We’ve also been told to expect strong victories for Monica De La Cruz and Wesley Hunt in their primaries for the 15th and 38th districts, respectively.
The truly interesting one is the primary to replace Kevin Brady in the new 8th. It’s a safe Republican seat and has devolved into a proxy war between wings of the Texas Republican Party. Former Navy SEAL Morgan Luttrell and former Ted Cruz aide Christian Collins are the two favorites in this race. Luttrell is backed by Dan Crenshaw, Dan Patrick and Rick Perry and the CLF. Collins is backed by Ted Cruz and such far-right characters as Majorie Taylor Greene, Wendy Rodgers, and Mike Lindell.
But it truly is another proxy war between Crenshaw and Cruz, who are clearly fighting each other to be the face of the Texas Republican Party. This primary is almost assuredly heading to the May runoff, but it will be interesting to see who finishes first and who finishes second.
We’ve also been told to keep an eye on Van Taylor’s primary in the 3rd district. He is apparently facing a spirited challenge from former Collin County judge Keith Self. Taylor isn’t expected to lose, but he may come close to being forced into a runoff.
Key Congressional Democratic Primaries
There are four primaries to watch on the Democratic side Tuesday night. First in the new 15th, Democrats have a wide array of first time candidates looking to replace Vicente Gonzalez, who moved to the new 34th. We haven’t heard much about this primary, but businesswoman Michelle Vallejo seems to be the favored candidate of the left in this seat. She’s garnered endorsements from both Elizabeth Warren and the Working Families Party branch in Texas. We expect it to head to a May runoff.
Then there is the well known rematch between Henry Cuellar and Jessica Cisneros happening in the new 28th district. This is the classical Blue Dog vs. progressive battle that we’ve seen in Democratic primaries before. There are key differences this time from 2020, though. One big one is that the new 28th takes in more of suburban San Antonio, which could help out the more progressive Cisneros. There’s also the added item of Cueller being under some form of federal investigation for corruption, a blow for sure to the incumbent. It also isn’t a 1v1 race like last time, with a minor candidate in Tannya Benavides. The one poll we have shows Cisneros with a one-point lead, but it will throw a wrench into things if this goes to a runoff and both have to campaign for an extra two months.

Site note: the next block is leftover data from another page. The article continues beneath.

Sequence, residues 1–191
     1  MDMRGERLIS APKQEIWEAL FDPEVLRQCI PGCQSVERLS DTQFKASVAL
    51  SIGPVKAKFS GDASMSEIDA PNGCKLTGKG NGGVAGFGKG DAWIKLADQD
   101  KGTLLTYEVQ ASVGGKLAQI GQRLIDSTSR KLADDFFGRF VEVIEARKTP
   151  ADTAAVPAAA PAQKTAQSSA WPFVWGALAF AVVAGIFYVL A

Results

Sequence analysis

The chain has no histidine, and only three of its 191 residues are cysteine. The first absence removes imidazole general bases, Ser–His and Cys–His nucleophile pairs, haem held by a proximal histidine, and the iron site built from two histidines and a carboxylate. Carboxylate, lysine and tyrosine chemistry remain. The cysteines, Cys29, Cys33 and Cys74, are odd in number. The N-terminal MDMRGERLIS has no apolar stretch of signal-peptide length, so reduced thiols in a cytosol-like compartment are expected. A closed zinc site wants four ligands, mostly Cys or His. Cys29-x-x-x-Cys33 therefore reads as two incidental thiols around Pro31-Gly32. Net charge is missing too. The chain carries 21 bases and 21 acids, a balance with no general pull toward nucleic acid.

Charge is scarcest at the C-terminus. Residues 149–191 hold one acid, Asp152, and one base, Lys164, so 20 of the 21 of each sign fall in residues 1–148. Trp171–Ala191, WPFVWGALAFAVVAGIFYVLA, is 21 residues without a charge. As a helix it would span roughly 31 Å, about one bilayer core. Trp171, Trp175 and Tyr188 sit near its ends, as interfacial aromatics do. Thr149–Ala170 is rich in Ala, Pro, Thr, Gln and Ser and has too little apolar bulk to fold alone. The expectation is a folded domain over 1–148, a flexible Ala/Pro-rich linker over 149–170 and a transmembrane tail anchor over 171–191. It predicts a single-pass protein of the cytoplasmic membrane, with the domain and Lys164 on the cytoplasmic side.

In the race to replace Eddie Bernice Johnson in the very safe Democratic 30th district, Jasmine Crockett is the overwhelming favorite. The state representative got Johnson’s endorsement early on, and is likely to avoid any issues of a runoff. If she is forced into a runoff, that would be one of the bigger surprises of the night.
Finally there’s the race in the new 35th district. Greg Casar, an Austin councilman, is the clear favorite so far, but it is unsure if he will have to deal with a runoff. He does have some decent competition in state representative Eddie Rodriguez and former San Antonio councilwoman Rebecca Viagran. Polling has shown Casar close to, but not above 50% with Rodriguez in second place. The thing to watch here is whether this continues into May or whether Cesar can start decorating his office in Congress.